Uncovering New Ways to Make Cancer Surgery Safer

CURE, CURE® Summer 2022,

The use of newer tools and techniques may be reducing the risk of surgical site infections and other complications in patients receiving treatment for gynecologic cancers.

When Nancy Tellez, 37, received a cervical cancer diagnosis in 2019, her oncologist was confident the surgery to treat the cancer would have no complications because Tellez was young and healthy.

Her cervix, uterus and a portion of her vagina were removed during a radical hysterectomy, and she was told to expect some discomfort during recovery after discharge from the hospital.

The pain in her pelvis worsened when she returned home, but Tellez, of Topeka, Kansas, assumed the throbbing was normal after surgery. During the following four days, her right pelvis became swollen, fluid started leaking out of her vagina and her level of discomfort surpassed labor pains. She also had a temperature of 104 degrees.

A friend rushed Tellez to the emergency room, where a CT scan showed a mass in her pelvis. During a second surgery, doctors drained the abscess.

The last thing Tellez remembered that day was shaking because she felt extremely cold in the recovery room, and then she lost consciousness.

She went into septic shock due to an infection, and she awoke briefly at one point as a priest was reading her last rites. Tellez was treated with antibiotics and regained consciousness several days later, when doctors explained that she was lucky to be alive.

The infection was likely caused by urine leaking from a tear in her urethra. She also developed Clostridioides difficile (an infection commonly known as C. diff that can cause severe diarrhea and inflammation of the colon) while in the hospital, possibly as a result of the antibiotics.

Although Tellez eventually recovered and is grateful that her cancer is in remission, she wishes she had understood the risk of infection before undergoing surgery.

“The doctor briefly touched on one or two potential complications, but nothing about the risk of infection,” she says. “I had so many medical bills related to the complications, and I was going through a divorce and raising four children.”

Surgery is a part of treatment for many patients diagnosed with gynecologic cancer, which includes uterine, ovarian, cervical, vaginal and vulvar cancers.

“Infections after surgery are a problem in the United States and worldwide,” says Dr. Oliver Zivanovic, director of innovative surgical technology at Memorial Sloan Kettering Cancer Center in New York City. “I’m taking care of patients with gynecologic cancer who are already suffering from a complex disease, and it’s important to try to minimize the risk of infections for these patients.”

The surgeries range from laparotomy — a large incision in the abdomen — to minimally invasive procedures such as a laparoscopy (use of a thin, lit tube with a video camera administered via a small incision) or robotic approaches to vulvar and vaginal procedures involving removal of tissue in a localized area.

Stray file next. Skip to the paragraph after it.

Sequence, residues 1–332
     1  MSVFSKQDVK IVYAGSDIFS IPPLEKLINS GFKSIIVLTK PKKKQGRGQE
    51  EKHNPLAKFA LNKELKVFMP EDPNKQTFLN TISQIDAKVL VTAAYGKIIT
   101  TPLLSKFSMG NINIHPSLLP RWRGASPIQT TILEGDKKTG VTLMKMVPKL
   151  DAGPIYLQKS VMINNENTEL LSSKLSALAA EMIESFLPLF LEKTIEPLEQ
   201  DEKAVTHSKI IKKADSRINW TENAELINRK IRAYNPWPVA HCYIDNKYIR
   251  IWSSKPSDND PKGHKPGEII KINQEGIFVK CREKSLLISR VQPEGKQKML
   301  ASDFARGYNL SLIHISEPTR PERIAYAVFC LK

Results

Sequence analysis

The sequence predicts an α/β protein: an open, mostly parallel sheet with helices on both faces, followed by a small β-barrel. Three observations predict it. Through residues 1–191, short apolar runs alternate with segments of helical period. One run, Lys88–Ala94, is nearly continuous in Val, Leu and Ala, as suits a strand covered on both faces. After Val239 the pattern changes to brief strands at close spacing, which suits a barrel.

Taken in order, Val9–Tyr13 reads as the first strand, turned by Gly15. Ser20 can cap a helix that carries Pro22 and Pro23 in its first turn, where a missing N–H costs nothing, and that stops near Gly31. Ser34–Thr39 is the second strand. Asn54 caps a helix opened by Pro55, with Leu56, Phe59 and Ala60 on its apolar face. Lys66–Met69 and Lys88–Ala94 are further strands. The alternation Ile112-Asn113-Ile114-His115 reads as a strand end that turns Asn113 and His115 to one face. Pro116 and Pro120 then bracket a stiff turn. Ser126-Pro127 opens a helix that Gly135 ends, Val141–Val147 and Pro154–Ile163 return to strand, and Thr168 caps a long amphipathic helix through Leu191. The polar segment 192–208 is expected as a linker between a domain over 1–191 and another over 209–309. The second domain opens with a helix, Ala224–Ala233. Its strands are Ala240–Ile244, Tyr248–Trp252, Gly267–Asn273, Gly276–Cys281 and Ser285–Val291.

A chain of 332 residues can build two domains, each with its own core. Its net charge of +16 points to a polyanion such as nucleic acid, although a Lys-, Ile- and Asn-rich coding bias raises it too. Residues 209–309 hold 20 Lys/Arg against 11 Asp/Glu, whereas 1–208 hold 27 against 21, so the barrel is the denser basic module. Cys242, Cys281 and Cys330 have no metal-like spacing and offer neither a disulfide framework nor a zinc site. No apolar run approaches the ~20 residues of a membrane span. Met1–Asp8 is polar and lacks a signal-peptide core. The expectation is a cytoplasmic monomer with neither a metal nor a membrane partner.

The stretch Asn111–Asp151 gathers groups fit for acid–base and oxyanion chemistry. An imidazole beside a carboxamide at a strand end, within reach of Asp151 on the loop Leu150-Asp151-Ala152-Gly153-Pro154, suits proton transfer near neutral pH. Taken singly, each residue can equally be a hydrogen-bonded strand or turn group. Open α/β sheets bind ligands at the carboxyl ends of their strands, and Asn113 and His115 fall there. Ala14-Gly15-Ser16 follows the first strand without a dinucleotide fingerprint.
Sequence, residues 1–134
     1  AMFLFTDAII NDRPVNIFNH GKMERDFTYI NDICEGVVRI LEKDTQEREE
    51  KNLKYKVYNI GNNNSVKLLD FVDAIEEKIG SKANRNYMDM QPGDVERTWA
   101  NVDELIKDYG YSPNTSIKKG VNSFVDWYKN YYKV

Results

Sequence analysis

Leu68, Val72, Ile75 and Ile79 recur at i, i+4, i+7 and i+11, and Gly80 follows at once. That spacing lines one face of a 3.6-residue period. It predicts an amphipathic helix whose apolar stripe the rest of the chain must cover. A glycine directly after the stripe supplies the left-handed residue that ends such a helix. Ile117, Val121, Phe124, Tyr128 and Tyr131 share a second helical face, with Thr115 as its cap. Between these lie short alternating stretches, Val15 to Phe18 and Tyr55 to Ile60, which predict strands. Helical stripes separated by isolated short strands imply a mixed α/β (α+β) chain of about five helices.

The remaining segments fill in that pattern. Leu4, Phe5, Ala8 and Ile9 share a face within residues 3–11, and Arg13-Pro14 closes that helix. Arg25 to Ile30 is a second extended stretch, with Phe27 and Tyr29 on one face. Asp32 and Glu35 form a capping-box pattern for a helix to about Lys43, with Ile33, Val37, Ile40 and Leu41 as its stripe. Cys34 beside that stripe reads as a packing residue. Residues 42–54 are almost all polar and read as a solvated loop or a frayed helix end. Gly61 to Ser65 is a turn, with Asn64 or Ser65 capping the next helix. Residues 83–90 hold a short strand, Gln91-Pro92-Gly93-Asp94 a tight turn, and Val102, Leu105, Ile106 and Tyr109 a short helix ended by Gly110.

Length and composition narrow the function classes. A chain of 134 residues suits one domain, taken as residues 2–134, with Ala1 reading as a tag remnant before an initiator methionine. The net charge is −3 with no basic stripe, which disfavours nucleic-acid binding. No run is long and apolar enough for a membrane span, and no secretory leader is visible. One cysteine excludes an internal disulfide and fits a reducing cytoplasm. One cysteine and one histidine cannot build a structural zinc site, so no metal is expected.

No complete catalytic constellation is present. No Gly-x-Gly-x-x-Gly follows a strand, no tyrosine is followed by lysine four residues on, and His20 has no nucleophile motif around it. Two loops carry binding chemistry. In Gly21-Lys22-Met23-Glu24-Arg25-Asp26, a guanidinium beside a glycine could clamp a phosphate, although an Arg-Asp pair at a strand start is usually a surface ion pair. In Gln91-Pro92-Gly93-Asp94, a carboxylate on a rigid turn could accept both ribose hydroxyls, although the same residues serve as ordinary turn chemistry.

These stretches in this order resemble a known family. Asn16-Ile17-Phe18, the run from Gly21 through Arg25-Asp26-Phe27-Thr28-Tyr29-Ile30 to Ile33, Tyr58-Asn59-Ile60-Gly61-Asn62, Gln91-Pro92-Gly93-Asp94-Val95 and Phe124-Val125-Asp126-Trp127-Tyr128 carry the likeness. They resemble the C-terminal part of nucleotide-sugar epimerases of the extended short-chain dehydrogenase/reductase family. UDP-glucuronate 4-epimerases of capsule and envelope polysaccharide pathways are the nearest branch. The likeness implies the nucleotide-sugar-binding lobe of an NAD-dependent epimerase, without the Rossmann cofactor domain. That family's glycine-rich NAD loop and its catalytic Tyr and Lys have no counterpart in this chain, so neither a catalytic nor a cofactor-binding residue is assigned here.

The risk of infection is lower with early-stage disease that can be treated with minimally invasive surgery, but women with advanced cancer are usually not candidates for laparoscopic or robotic procedures, says Zivanovic.

“I see many older patients who present with metastatic ovarian or uterine cancer who require large incisions, long operative times and blood transfusions, and all these factors increase the risk of infection,” he says.

Studies have shown that patients with gynecologic cancer who require a bowel resection (the removal of some or all of the large intestine) during surgery are at highest risk of surgical site infection (SSI), with rates ranging from 33% to 37% in recent studies. Patients may also have comorbidities, such as poorly controlled diabetes, obesity or compromised immune systems, that can elevate the chance of developing an infection, according to Zivanovic.

Infections may increase the length of stay in the hospital and the chance of needing additional interventions such as a repeat surgical procedure — and elevate the risk of death by as much as elevenfold.

Although infection after surgery is a complex problem, researchers are exploring strategies to reduce the risk of this complication.

“In gynecologic oncology, many researchers and surgeons are working to discover ways to make surgery safer,” says Dr. Amanda Nickles Fader, a professor of gynecology/obstetrics and oncology and vice chair of gynecologic surgical operations at Johns Hopkins Health System in Baltimore. “These strategies help patients experience a better recovery and transition more quickly to further cancer treatments, if needed.”

Success With Interventions

Nickles Fader and colleagues previously studied the outcomes of more than 200 women who underwent cytoreductive surgery (a procedure to remove tumors in the abdominal cavity) for ovarian cancer, and the results demonstrated that a “bundle” of infection prevention strategies reduced SSIs from 20% to 3%, and the hospital readmission rate dropped from 13% to 3%.

The strategies included the use of a sterilizing soap known as chlorhexidine, which the patients applied at home before surgery and the medical team used during the surgery.

Patients in the bundle group also received antibiotics prior to surgery, and those requiring bowel resection were prescribed laxatives the night before to clear the colon. During especially prolonged surgeries, patients received antibiotics during the procedure, and those undergoing colon resection received broader-spectrum antibiotics that acted on a wider range of bacterial types.

“Communication between the surgery, anesthesiology and nursing teams is critical during surgery to keep the patient safe,” explains Nickles Fader.

Before closing abdominal incisions in patients who underwent colon resection, the operating team changed gloves, gowns and medical instruments to avoid using surgical tools that could be contaminated with bacteria from the colon. In surgeries involving colon resection, these safety measures reduced the rate of infection from 33% to 7%.

While many hospitals are leveraging these strategies to minimize infections, not all are, notes Nickles Fader.

“Patients should speak to their surgeons about what will be done to mitigate perioperative risk,” she says. “If there is no clear plan, patients may wish to seek a second opinion.”

Of note, patients are advised to seek care from centers that routinely perform large numbers of procedures with a team of physicians and staff that specialize in gynecological or abdominal surgery and also provides adequate explanation and education.